The true Bible teaching on this line is very different from the following blasphemous outbreak: God’s “face shall be red in his anger; his eyes shall not pity, nor shall his soul spare for their crying. The day of vengeance is in his heart. It is what his heart is set upon. He will delight in it. He will tread that rebel crew in his anger. . . . The cup of his fierce wrath shall contain no mixture of mercy. All this, and more and worse, do the Scriptures declare; and that preacher who hesitates to proclaim it has foresworn his soul and is a traitor to his trust. And all this shall be FOREVER” (Wm. Davidson; quoted by Pettingell). We purpose to show that this “forever” of God’s anger is not only blasphemy, but is directly contradictory to the plain wording of Scripture.

Be it known that God’s anger or wrath is no fiction. It is a terrible reality. And it is not in the O. T. alone that it is mentioned. It is equally a N. T. doctrine. “For the wrath of God is revealed from heaven against all ungodliness and unrighteousness of men” (Rom. 1:18; Eph. 5:6; Col. 3:6).

It is not necessary here to discuss the word wrath itself (or indignation or anger) as applied to God. Sufficient to know that it is Biblical and conveys a real Bible teaching. It is held before us that the impenitent man is treasuring up against himself “wrath in the day of wrath and revelation of the righteous judgment of God” (Rom. 2:5). Only through Christ may we be delivered from “the wrath to come” (1 Thes. 1:10).

That divine wrath brings positive infliction of punishment is Biblically certain. But is that infliction of such a nature that its blows fall on a conscious and agonized sinner forever? Does the doctrine of divine wrath indicate the doctrine of eternal torment?

So much is this not so that (especially in view of things already noted) we may say the exact opposite is true. God, though stirred to holy indignation by man’s persistent sin, is yet revealed as “gracious and full of compassion, slow to anger and of great mercy” (Ps. 145:8). So gracious is he, indeed, that his wrath (his punishing, inflictive anger indignantly going forth in strokes of judgment) is not of endless continuance. His anger ceases in the vindication of his perfect holiness and absolute justness in the proper punishment of the sinner.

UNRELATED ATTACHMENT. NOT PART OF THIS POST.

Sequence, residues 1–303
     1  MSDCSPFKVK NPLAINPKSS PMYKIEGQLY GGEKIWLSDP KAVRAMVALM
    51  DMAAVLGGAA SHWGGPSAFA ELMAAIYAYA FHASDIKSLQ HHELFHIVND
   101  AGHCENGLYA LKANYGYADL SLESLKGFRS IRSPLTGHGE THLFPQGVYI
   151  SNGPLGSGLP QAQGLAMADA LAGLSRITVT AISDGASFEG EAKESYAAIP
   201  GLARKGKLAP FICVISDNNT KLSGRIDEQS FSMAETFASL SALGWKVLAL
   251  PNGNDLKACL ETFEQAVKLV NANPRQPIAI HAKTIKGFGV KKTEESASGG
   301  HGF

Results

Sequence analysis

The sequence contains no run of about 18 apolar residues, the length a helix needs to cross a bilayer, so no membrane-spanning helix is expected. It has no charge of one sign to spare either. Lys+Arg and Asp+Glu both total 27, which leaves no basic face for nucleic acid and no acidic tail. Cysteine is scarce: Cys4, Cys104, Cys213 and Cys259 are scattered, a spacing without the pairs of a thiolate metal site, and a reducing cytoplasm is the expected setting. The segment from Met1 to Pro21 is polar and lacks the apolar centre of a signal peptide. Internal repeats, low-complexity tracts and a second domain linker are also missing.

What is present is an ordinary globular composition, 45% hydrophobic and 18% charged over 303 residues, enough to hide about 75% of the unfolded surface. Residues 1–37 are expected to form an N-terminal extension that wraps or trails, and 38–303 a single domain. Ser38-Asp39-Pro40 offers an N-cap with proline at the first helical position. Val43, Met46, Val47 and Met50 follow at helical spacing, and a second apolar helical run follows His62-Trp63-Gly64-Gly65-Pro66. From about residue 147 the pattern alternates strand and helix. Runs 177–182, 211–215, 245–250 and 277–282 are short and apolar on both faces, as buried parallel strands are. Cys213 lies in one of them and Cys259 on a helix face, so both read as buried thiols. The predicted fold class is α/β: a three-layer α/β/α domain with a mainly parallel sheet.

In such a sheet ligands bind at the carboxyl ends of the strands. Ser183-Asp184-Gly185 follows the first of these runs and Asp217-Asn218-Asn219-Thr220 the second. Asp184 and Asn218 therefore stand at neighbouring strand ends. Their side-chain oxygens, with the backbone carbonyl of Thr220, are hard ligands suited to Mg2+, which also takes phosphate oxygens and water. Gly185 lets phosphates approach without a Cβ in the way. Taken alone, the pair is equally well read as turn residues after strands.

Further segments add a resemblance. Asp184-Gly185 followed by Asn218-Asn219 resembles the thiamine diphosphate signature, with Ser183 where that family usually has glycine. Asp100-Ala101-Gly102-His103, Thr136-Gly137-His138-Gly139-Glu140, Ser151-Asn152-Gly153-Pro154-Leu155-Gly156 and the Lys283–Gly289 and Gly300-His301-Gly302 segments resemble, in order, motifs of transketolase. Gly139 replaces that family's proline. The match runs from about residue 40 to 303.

“The Lord is merciful and gracious,
Slow to anger and plenteous in mercy.
He will not always chide;
Neither will he keep (his anger) forever” (Ps. 103:8, 9).
“He retaineth not his anger forever” (Mic. 7:18).

When, therefore, “Jehovah cometh forth out of his place to punish the inhabitants of the earth for their iniquity,” he is prophetically represented as calling to his saints: “Come, my people, enter thou into thy chambers, and shut thy doors about thee; hide thyself for a little moment, until the indignation be overpast” (Isa. 26:20, 21). And again: “For I will not contend for ever, neither will I be always wroth; for the spirit would fail (faint, R. V.) before me, and the souls that I have made” (57:16).

If the working out of what is here indicated be put in operation either in the present or at the judgment day, the issue would be the same. For two facts here confront us. One is that God’s wrath is not “forever.” The other is that weak, puny man, “whose breath is in his nostrils” (Isa. 2:22), could not sustain the perpetual power of divine anger. Man, either as a bodily being, or in spirit and as a soul, has not a nature that could endure before divine anger perpetually operative. So overwhelmingly terrible and destructive would such be that living existence would fail, unless miraculously sustained. And of such miraculous sustenation the Bible breathes not a word. The being of man, therefore, even his spiritual being, would not abide the fearful ordeal. It would fail, go out of being, so that, as we have seen, the sinner “shall not be.”

And this is in perfect agreement with all that we have found the Bible to teach. The horrid doctrine, that doctrine that so long has covered the benign face of Deity with a black cloud of human creation, the doctrine of eternal torment, is not true. It is extra-Biblical and utterly false. In succeeding sections this will become even more apparent.

Section II.—The Bible Doctrine Of Death

In any adequate discussion of the fate of the wicked as Biblically revealed, the word death (with its cognates) must have due recognition. In view of the large place which the word has in this connection in the Bible, it may not well be evaded. Nor can it be disposed of by some superior wave of the hand because of its sometime metaphorical meaning. The word is repeatedly used in the Bible. And it is there to be candidly and sanely treated. Its real intended Bible meaning is to be ascertained. And when it is ascertained, the fate of the lost stands out with sufficient terribleness, as well as with sufficient perspicuity.